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Loss of Use


In the context of VA benefits, “Loss of Use” refers to the inability of a veteran to perform the normal functions of a body part, such as a hand or foot, due to an injury or illness connected to their military service. This may result in their inability to engage in activities needed for daily living or work-related tasks. Veterans who experience Loss of Use may be entitled to additional VA disability benefits and support.

Key Takeaways

  1. Loss of Use refers to a specific type of disability compensation provided by the VA to veterans who have lost the ability to use certain body parts or functions due to service-related injuries or illnesses.
  2. This benefit includes additional monetary compensation and may also encompass accessibility accommodations for the veteran’s home or vehicle, ensuring their living circumstances are adapted to their disability.
  3. To qualify for Loss of Use benefits, the veteran must have a service-connected disability rating that renders a body part or function useless, such as complete paralysis of a limb, blindness, or the loss of a hand or foot.


The term “Loss of Use” in the context of VA benefits is important because it refers to a veteran’s inability to make normal and effective use of a particular body part, such as a limb or an organ, due to illness or injury sustained during military service.

This concept is a crucial aspect of the Department of Veterans Affairs’ (VA) disability compensation program, as it allows veterans to receive adequate financial support based on the severity of their disability.

By acknowledging and addressing loss of use in a comprehensive manner, the VA ensures that the benefits and assistance provided to veterans with disabilities are tailored to their individual needs, thus enabling them to lead better lives and receive the support they deserve for their service and sacrifices.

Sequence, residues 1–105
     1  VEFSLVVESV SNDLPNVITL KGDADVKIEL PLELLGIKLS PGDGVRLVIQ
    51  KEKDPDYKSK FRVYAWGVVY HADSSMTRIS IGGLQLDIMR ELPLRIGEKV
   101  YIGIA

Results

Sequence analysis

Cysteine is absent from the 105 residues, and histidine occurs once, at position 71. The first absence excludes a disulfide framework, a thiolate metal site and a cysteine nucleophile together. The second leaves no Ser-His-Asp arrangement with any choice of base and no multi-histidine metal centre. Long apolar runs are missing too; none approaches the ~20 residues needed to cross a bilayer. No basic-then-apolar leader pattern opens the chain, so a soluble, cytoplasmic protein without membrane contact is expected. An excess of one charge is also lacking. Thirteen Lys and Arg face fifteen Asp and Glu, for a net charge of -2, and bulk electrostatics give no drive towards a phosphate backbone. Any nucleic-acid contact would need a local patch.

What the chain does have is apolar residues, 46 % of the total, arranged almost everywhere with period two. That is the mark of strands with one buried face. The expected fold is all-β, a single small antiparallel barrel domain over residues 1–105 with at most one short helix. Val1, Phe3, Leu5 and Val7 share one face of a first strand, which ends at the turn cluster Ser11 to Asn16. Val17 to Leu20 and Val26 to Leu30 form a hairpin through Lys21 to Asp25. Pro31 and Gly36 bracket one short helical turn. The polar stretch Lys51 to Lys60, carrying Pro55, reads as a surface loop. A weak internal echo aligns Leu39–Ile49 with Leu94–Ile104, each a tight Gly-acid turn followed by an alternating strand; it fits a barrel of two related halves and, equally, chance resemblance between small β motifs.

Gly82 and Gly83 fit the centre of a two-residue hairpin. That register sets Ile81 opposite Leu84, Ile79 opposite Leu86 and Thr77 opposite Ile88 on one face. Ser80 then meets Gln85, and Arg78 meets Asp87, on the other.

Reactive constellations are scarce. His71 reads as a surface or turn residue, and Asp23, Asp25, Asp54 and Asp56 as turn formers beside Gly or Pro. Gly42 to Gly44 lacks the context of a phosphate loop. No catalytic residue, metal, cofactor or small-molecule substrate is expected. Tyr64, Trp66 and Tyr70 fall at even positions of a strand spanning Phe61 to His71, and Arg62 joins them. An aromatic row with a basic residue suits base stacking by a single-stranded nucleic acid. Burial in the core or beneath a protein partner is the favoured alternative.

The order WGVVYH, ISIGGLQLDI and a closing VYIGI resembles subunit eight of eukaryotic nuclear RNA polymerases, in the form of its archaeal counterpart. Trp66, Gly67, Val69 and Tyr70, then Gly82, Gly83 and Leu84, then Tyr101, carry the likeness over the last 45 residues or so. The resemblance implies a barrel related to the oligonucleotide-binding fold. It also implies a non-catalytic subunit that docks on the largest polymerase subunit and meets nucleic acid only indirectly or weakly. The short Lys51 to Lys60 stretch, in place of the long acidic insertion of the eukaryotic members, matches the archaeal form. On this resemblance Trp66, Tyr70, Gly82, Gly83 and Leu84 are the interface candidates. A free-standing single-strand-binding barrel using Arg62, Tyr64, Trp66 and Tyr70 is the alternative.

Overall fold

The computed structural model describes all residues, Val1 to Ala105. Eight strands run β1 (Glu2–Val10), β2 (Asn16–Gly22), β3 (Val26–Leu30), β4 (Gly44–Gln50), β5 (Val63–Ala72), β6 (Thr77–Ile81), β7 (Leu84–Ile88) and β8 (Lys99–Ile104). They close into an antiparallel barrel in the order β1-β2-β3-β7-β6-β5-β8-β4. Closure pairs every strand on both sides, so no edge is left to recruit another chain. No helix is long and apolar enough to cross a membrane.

Loss of Use is a significant term in the context of VA benefits, designed to provide substantial support to veterans who have experienced severe impairments in their ability to perform daily tasks due to service-connected disabilities. The primary purpose of Loss of Use benefits is to cater to veterans who have lost the ability to use a key extremity or body part, such as their hands, feet, or eyes, typically leading to difficulties in mobility and self-sufficiency.

By recognizing the sacrifices of veterans and the specific challenges they face, these benefits aim to improve their quality of life and ensure they have access to essential resources that address their unique needs. One crucial application of Loss of Use benefits is in offering financial compensation for eligible veterans, enabling them to obtain necessary adaptive equipment, prosthetics, or even specially adapted housing suited to their specific requirements.

In addition, these benefits may include increased compensation amounts and other supportive resources that cater to a wider range of needs, such as vocational rehabilitation programs, healthcare services, and transportation assistance, among others. Through the provision of such support, the Loss of Use benefits seek to minimize the veterans’ struggles and help them lead more independent, fulfilling lives despite the challenges posed by their service-related disabilities.

Examples of Loss of Use

Loss of Use refers to a condition where a veteran is unable or has a limited ability to use a particular body part or function, due to service-related injuries or disabilities. This can lead to a decrease in the person’s overall quality of life. Here are three real-world examples illustrating Loss of Use in relation to VA Benefits: